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Sulfated fucans are among the most widely studied of all the sulfated polysaccharides of plant origin that exhibit biological activities in mammalian systems. In this report fucoidans from some Vietnamese Sargassum species such as S. polycystum, S. oligocystum, S. mcclurei, S. swartzii and denticaprum were extracted and fractionated on a DEAE-Sephadex A-25 column. On the basis of chemical and spectral analyses, the fucoidan fractions obtained were found to be the sulfated fucogalactans containing sulfate ester groups and uronic acid, and composed essentially of fucose and galactose, as well as a minor amount of other sugars. The polysaccharide fractions were tested for anticancer activity. The primarily obtained results showed that all fucoidan fractions isolated from S. swartzii demonstrate bioactivity effects against cancer cells, while fraction F5 with a highest sulfate content exhibits the strongest anti-invasion activity. This indicates that sulfate content plays an important role in the anticancer activity of the brown algal fucoidans. A laboratory scale pilot for fucoidan production from Vietnamese brown seaweeds has been set with a capacity of 500 g of crude fucoidan per day.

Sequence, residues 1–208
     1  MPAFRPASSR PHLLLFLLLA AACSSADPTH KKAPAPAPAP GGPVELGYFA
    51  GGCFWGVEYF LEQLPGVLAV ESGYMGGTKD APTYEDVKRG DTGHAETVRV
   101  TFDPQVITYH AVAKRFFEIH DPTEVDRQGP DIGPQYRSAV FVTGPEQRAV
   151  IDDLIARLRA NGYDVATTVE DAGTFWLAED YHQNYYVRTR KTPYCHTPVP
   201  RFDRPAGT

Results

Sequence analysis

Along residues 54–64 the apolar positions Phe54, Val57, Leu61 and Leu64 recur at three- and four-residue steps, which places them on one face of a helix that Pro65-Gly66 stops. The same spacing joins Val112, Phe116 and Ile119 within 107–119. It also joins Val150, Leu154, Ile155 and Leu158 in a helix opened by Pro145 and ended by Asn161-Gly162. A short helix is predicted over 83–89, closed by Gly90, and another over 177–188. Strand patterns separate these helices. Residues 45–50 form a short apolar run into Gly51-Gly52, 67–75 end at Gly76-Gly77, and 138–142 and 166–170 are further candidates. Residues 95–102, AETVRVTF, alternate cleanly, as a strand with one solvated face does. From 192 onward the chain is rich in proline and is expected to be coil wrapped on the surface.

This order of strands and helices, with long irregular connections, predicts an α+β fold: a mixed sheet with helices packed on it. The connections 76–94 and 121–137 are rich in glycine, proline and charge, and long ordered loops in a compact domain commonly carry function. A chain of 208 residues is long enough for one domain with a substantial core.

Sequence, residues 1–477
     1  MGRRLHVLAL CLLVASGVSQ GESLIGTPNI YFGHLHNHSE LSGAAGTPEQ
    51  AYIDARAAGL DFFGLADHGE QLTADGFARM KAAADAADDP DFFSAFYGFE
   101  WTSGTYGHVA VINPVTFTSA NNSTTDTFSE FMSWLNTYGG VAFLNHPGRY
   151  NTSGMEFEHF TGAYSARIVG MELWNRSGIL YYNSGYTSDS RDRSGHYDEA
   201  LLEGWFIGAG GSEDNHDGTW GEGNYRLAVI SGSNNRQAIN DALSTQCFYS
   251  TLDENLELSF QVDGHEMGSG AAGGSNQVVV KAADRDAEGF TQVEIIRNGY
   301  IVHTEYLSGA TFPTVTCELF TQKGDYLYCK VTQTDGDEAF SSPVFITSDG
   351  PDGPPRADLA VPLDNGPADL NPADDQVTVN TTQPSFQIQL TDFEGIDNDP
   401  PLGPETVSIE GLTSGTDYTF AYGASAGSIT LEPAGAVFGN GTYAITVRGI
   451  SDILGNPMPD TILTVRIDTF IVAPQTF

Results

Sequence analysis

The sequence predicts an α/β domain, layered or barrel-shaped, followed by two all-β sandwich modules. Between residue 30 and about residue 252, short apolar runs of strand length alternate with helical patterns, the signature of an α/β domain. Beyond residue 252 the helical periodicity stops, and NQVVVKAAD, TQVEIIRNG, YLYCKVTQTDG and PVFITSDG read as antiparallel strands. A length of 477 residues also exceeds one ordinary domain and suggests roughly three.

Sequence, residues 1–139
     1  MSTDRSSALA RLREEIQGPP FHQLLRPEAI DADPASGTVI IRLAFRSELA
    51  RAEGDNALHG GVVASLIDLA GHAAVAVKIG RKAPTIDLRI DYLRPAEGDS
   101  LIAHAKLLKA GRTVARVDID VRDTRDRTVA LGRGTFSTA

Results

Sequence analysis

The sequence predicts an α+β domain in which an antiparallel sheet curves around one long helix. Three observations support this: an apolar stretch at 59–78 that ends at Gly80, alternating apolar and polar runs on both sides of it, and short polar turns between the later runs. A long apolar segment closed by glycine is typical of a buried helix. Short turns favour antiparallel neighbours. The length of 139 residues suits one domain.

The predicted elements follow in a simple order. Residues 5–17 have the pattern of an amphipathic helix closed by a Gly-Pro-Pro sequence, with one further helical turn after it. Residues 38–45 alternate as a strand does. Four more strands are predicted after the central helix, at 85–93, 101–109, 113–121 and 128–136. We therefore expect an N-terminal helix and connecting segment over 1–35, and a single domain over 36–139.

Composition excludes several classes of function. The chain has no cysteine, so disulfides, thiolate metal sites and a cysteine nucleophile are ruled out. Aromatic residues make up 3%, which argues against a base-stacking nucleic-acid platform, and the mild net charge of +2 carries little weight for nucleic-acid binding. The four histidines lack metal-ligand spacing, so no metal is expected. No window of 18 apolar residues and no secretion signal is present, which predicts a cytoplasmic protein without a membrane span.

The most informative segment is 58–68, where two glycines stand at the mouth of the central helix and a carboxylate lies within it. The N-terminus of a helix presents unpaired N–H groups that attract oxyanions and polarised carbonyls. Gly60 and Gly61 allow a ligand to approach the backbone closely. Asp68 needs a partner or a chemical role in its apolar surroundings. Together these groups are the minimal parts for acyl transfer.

Covering the latest technologies in process engineering, this handbook and ready reference features high pressure processing, alternative solvents and processes, extraction technologies and biotransformations -- describing greener, more efficient and sustainable techniques. The result is an expert account of engineering details from lab-scale experiments to large-scale industrial design. The major focus is on the engineering aspects of extraction with organic and supercritical solvents, ionic liquids or surfactant solutions, and is supplemented by aspects of both up- and downstream processing, biotransformation, as well as a survey of typical products in food, pharmaceutical and cosmetic applications. This is rounded off by market developments, economic considerations and regulations requirements in the field. Authored by experts from leading industrial and academic institutions, this is essential reading for the hands-on scientist and office manager alike.